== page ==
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Do High-Quality International Stocks Have A Place In Your Portfolio?

Nokia (NYSE: NOK), AstraZeneca (NASDAQ: AZN) and ASML Holding (NASDAQ: ASML) are among the most popular non-U.S. developed-market stocks.

This story originally appeared on MarketBeat

Nokia (NYSE: NOK), AstraZeneca (NASDAQ: AZN) and ASML Holding (NASDAQ: ASML) are among the most popular non-U.S. developed-market stocks. contributor/ - MarketBeat

So far in 2021, all three are outperforming the S&P 500, the most widely used benchmark for large-cap domestic stocks. Their gains are:

  • Nokia: 43.22%
  • AstraZeneca: 15.46%
  • ASML: 41.27%
  • S&P 500: 15.20%

Professional investors understand that balance is crucial in a long-term portfolio. That balance includes several asset classes, including stocks from non-U.S. developed markets.

In a recent report evaluating prospects for the second half of 2021, brokerage LPL commented on developed international stocks. Analysts wrote, "The improved value-style performance has opened the door for developed international stocks to potentially outperform U.S. stocks for the first time in over a decade. The recovery the U.S. is currently experiencing from COVID-19 still lies ahead for Europe and Japan."

Wisdom Tree, an exchange-traded fund sponsor and asset manager, also issued a note touting the potential for quality international stocks. By "quality," Wisdom Tree and others are referring to stocks with growing profitability strong return on equity, return on assets and other measures. Growth investors would add accelerating revenue to that list.

Wisdom Tree uses its International Quality Dividend Growth Fund (BATS: IQDG) as the barometer for international quality. The fund launched in 2016 and has outperformed its benchmark, the MSCI EAFE index over the past year, and has tracked its index closely on a three-year and five-year basis.

The MSCI EAFE index tracks large- and mid-cap equities across 21 developed market countries, excluding the U.S. and Canada. Since 2018, the S&P 500 outperformed the MSCI EAFE index, but if LPL and Wisdom Tree are correct, that may change.

Wisdom Tree points out that the underperformance since 2018 was due to rallies of lower-quality stocks not tracked in the index. As Wisdom Tree notes, "Lower-quality stocks should trade at a valuation discount to the broader market because they're assumed to be riskier. Therefore, they should offer more compensation from a total return perspective to entice investors to own them."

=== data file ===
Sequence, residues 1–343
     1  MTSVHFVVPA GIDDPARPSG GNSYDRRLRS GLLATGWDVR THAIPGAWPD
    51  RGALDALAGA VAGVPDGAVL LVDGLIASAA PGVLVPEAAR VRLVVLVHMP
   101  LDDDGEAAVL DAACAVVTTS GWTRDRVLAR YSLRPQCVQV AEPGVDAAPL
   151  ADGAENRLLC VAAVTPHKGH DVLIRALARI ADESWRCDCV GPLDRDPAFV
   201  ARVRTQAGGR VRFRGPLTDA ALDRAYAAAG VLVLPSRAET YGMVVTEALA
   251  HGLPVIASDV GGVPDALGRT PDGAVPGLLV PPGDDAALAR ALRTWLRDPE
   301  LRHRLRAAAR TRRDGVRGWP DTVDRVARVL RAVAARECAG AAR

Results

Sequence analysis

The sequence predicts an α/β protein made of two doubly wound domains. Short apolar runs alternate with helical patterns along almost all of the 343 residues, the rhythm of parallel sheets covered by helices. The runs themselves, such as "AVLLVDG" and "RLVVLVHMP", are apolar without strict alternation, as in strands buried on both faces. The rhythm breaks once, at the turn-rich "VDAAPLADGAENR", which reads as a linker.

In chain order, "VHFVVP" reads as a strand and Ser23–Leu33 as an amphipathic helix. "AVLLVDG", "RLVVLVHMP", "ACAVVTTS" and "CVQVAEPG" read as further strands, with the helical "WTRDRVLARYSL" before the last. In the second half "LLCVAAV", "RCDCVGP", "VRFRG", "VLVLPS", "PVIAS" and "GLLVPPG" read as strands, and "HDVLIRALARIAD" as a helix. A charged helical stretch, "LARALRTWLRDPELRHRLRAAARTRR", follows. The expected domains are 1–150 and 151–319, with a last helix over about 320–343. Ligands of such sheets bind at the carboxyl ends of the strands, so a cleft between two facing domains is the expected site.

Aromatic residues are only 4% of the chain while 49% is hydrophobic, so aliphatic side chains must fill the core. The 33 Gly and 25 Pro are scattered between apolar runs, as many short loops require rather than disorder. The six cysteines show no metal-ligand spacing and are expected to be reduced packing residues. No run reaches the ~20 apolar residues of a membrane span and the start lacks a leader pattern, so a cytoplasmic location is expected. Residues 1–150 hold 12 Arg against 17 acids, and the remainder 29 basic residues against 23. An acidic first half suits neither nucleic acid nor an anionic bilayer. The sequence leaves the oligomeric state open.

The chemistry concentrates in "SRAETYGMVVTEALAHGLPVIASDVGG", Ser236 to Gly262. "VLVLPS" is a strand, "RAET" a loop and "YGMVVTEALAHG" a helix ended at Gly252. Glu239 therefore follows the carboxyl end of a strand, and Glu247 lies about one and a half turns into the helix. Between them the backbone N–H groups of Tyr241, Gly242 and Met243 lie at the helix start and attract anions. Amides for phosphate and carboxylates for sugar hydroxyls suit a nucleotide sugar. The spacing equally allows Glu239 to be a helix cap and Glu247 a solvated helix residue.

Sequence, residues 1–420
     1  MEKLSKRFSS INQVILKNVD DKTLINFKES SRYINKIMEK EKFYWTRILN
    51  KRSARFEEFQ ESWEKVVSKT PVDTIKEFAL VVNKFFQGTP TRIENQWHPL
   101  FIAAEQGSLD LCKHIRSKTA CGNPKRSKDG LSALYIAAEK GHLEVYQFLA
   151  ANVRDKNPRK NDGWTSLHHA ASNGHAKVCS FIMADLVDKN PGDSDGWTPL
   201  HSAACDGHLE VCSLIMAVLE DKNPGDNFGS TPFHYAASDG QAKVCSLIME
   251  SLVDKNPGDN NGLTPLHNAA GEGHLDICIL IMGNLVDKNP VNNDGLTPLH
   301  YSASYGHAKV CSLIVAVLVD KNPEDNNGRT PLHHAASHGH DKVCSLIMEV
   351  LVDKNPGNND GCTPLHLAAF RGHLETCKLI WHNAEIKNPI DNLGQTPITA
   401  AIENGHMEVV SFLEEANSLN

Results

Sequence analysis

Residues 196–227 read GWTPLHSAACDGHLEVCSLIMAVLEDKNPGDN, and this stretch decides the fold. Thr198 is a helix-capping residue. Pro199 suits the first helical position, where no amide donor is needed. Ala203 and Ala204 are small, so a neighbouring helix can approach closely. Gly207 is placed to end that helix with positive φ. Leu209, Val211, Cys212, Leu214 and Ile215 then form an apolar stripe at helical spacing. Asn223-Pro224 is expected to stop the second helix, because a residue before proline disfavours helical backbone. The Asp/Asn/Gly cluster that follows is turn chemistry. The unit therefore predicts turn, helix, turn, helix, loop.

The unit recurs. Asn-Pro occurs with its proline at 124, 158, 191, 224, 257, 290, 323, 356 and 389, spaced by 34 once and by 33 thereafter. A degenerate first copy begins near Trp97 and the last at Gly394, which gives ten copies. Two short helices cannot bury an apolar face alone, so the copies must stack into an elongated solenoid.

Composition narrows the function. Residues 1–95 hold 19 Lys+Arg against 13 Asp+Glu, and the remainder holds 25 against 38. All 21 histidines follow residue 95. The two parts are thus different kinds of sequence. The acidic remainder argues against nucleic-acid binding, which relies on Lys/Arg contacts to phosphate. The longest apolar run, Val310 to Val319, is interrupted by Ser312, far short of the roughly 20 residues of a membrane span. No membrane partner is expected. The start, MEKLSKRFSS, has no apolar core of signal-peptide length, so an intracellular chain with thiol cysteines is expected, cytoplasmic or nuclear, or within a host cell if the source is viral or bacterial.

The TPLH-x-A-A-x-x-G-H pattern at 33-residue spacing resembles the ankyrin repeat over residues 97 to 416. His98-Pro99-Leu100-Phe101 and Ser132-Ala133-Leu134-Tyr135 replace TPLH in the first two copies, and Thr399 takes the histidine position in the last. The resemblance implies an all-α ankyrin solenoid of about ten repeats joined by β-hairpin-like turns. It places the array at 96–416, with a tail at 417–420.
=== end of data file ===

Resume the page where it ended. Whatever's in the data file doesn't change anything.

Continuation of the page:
But the situation may be flipping, when it comes to international. Wisdom Tree notes that the "quality factor" means international stocks with strong fundamentals and balance sheets are now available at a value.

Another fund tracking high quality international stocks is the Vanguard International Dividend Appreciation ETF (NASDAQ:VIGI).

The fund focuses on high-quality companies boasting steady dividend growth, likely to appreciate in price over the long haul.

It currently tracks the Nasdaq International Dividend Achievers Select Index, but plans to switch to the S&P International Dividend Growers Index this quarter.

Both indexes capture the performance of stocks that increased dividends for a minimum of seven years in a row, and eliminate companies likely to slash dividends.

The top three components within the fund, and their year-to-date returns are:

  • Nestle (OTC: NSRGY): 5.87%
  • Roche Holding (OTC: RHHBY): 12.51%
  • Novartis (NYSE: NVS): -1.83%

In general, the high-quality stocks tracked by this ETF outperform the broader market during downturns, but as three-quarters of stocks follow the broader market's trend, no equity fund should be treated as a hedge against corrections.

In fact, as U.S. markets plummeted Monday, the MSCI EAFE index fell slightly more.

Nonetheless, international diversification should be a key component of any investment strategy, but it's imperative to understand which types of securities belong in your portfolio, and which may not.

One way to protect your portfolio against downturns is with a focus on dividend payers, which contribute to the total return even amid a price decline.

The dividend-paying portion of your portfolio may tend to be value-focused, as many growth stocks reinvest profit back into new projects, rather than returning the payout to investors. In the decade between 2000 and 2009, international value, along with several other asset classes, outperformed the S&P 500. Lest you think that's long in the past and nothing to concern yourself: There's nothing saying that kind of situation can't happen again.

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